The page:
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There's the moral, now the l'envoy.
Moth. I will add the l'envoy; fay the moral again. Arm. The fox, the ape, and the humble-bee, Were ftill at odds, being but three.
Moth. Until the goofe came out of door, And stay'd the odds by adding four.
A good l'envoy, ending in the goofe; would you defire
Coft. The boy hath fold him a bargain; a goose, that's flat;
Sir, your penny-worth is good, an' your goose be fat.
How did this argument begin?
Moth. By faying, that a Coftard was broken in a shin, Then call'd you for a l'envoy.
Coft. True, and I for a plantan ;
Thus came the argument in ;
Arm. But tell me; how was there a Coftard broken in a fhin?
Moth. I will tell you fenfibly.
Coft. Thou haft no feeling of it, Moth,
I will fpeak that l'envoy.
I Coflard running out, that was fafely within,
Arm. We will talk no more of this matter.
Arm. By my fweet foul, I mean, setting thee at liberty; enfreedoming thy perfon; thou wert immur'd, reftrained, captivated, bound.
Coft. True, true, and now you will be my purgation, and let me loofe.
Arm. I give thee thy liberty, fet thee from durance, and, in lieu thereof, impofe on thee nothing but this ;
bear this fignificant to the country-maid Jaquenetta ; there is remuneration; for the best ward of mine honours is rewarding my dependants. Moth, follow.
[Exit. Moth. Like the fequel, I. Signior Coftard, adieu. (Exit.
Coft. My fweet ounce of man's flesh, my in-cony few! Now will I look to his remuneration. Remuneration! O, that's the Latin word for three farthings: three farthings remuneration: What's the price of this incle? a penny. No, I'll give you a remuneration : why, it carries it. Remuneration!-why, it is a fairer name than a French crown (12). I will never buy and fell out of this word.
Biron. O my good knave Coftard, exceedingly well
Coft. Pray you, Sir, how much carnation ribbon may a man buy for a remuneration ?
Biron. What is a remuneration ?
Coft. Marry, Sir, half-penny farthing.
Coft. When would you have it done, Sir?
Coft. Well, I will do it, Sir: fare you well.
(12) No, I'll give you a Remuneration: Why? It carries its Remuneration. Why? It is a fairer Name than a French Crown.] Thus this Paffage has hitherto been writ, and pointed, without any Regard to Common Senfe, or Meaning. The Reform, that I have made, flight as it is, makes it both intelligible and humourous.
Coft. I will come to your worship to-morrow morn
Biron. It must be done this afternoon.
Hark, flave, it is but this:
The Princess comes to hunt here in the park:
And to her fweet hand fee thou do commend
Coft. Guerdon,- -O sweet guerdon! better than remuneration, eleven pence farthing better: most sweet guerdon! I will do it, Sir, in print. Guerdon, remu[Exit.
Biron. O! and I, forfooth, in love!
(13) This Signior Junio's giant-dwarf, Dan Cupid.] It was fome time ago ingeniously hinted to me, (and I readily came into the Opinion;) that as there was a Contraft of Terms in gian-dwarf, lo, probably, there should be in the Words immediately preceding them; and therefore that we should reftore,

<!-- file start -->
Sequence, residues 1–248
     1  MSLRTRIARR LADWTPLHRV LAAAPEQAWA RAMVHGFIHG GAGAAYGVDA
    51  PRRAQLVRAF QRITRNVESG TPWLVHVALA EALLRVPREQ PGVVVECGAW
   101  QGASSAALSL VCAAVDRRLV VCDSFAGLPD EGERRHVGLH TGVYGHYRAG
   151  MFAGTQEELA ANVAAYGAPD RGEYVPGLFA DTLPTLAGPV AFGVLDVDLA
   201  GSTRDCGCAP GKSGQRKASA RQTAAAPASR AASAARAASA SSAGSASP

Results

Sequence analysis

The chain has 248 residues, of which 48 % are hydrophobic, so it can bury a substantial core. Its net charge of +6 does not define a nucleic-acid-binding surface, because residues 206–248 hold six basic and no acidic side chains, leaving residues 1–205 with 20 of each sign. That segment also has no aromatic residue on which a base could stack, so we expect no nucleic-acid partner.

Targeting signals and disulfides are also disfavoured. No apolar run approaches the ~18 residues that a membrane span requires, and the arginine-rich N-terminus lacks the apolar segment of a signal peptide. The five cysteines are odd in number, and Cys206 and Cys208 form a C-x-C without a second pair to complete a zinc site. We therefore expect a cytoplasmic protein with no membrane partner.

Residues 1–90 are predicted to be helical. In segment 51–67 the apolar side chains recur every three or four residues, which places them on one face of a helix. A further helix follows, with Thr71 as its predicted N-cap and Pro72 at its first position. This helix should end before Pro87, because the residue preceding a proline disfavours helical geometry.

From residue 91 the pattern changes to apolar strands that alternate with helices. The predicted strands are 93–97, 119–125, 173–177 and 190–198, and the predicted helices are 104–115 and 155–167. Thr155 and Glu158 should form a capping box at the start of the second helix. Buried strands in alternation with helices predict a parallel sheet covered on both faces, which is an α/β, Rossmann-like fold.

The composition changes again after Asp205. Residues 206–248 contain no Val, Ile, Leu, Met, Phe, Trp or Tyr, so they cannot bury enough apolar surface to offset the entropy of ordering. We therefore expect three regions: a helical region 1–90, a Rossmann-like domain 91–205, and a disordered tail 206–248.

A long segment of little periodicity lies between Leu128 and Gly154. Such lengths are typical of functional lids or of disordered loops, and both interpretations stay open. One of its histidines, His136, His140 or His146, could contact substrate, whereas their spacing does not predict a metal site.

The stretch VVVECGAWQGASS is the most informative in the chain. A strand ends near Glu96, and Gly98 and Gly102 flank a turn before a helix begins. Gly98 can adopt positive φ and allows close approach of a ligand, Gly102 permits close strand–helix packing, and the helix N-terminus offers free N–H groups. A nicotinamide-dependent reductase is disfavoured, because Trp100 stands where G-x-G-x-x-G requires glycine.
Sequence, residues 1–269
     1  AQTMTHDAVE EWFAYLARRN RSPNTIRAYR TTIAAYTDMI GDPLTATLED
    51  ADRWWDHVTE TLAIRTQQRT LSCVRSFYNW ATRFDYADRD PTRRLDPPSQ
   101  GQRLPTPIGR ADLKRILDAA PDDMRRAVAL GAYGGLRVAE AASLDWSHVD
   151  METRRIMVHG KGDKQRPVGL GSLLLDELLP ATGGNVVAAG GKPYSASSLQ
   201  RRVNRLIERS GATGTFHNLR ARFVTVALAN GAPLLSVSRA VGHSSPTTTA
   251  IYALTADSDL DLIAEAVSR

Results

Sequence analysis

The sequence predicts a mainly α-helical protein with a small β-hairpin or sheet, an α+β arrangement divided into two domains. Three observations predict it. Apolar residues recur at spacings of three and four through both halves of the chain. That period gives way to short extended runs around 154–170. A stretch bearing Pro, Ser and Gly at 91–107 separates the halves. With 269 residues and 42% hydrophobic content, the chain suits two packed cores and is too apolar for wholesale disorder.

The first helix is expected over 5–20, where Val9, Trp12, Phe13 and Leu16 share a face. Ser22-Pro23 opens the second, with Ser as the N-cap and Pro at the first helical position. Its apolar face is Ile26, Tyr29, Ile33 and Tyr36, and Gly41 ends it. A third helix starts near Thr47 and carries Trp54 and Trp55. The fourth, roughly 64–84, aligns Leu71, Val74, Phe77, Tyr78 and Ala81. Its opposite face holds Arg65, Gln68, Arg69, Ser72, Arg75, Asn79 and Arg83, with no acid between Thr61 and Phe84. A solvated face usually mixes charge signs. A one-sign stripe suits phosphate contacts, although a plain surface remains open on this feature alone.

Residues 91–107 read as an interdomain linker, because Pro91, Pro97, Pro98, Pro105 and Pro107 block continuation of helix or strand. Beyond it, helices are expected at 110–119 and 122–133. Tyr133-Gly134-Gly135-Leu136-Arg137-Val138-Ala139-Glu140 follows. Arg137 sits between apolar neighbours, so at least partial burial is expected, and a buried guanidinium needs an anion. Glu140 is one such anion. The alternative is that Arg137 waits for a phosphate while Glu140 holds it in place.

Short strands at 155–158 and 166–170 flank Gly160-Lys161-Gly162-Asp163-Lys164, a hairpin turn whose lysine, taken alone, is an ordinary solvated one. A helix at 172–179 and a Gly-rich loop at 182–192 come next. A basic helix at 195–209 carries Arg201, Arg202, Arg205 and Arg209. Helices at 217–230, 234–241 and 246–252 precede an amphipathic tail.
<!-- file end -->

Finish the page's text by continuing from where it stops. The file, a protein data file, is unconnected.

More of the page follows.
This Senior-junior, giant-dwarf, Dan Cupid.
i. e. this old, young Man. And there is, indeed, afterwards in this Play, a Description of Cupid, which forts very aptly with fuch an Emendation.
That was the way to make his Godhead wax,
The Conjecture is exquifitely well imagin'd, and ought by all means to be embrac'd, unless there is reason to think, that, in the former Reading, there is an Allufion to fome. Tale, or Character in an old Play. I have not, on this Account, ventur'd to disturb the Text, because there feems to me fome rea
Regent of love-rhimes, lord of folded arms,
fon to fufpect, that our Author is here alluding to Beaumont and Fletcher's Bonduca. In that Tragedy there is the Character of one Junius, a Roman Captain, who falls in Love to Diftraction with one of Bonduca's Daughters; and becomes an arrant whining Slave to this Paffion. He is afterwards cur'd of his Infirmity, and is as abfolute a Tyrant against the Sex. Now, with regard to these two Extremes, Cupid might very properly be filed Junius's giant-dwarf: a Giant in his Eye, while the Dotage was upon him; but shrunk into a Dwarf, fo foon as he had got the better of it:
(14) And I to be a Corporal of his Field,
And wear his Colours like a Tumbler's hoop!]
A Corporal of a Field is quite a new Term: neither did the Tumblers ever adorn their Hoops with Ribbands, that I can learn: for Thofe were not carried in Parade about with them, as the Fencer carries his Sword: Nor, if they were, is the Similitude at all pertinent to the Cafe in hand. But to ftoop like a Tumbler agrees not only with that Profeffion, and the fervile Condefcenfions of a Lover, but with what follows in the Context. What milled the wife Tranfcribers at firft, feems This When once the Tumbler appear'd, they thought, his Hoop must not be far behind. Mr. Warburton.
And I to figh for her! to watch for her!
BACKARD FELEI OLL
A C. T III.
SCENE, a Pavilion in the Park near the Palace.
Enter the Princess, Rofaline, Maria, Catharine,
AS that the King, that spurr'd his horse so
Against the fteep uprifing of the hill? Boyet. I know not; but, I think, it was not he. Prin. Who e'er he was, he fhew'd a mounting mind. Well, lords, to day we shall have our dispatch; On Saturday we will return to France. Then Forefter, my friend, where is the bush, That we must ftand and play the murtherer in ?
For. Here by, upon the edge of yonder coppice; A ftand, where you may make the fairest fhoot.
Prin. I thank my beauty, I am fair, that shoot: And thereupon thou speak'st the fairest shoot.
For. Pardon me, madam: for I meant not fo. Prin. What, what? firft praise me, then again fay, no?
O fhort-liv'd pride! not fair? alack, for wo!
For. Yes, madam, fair.
Prin. Nay, never paint me now;
Where fair is not, praife cannot mend the brow.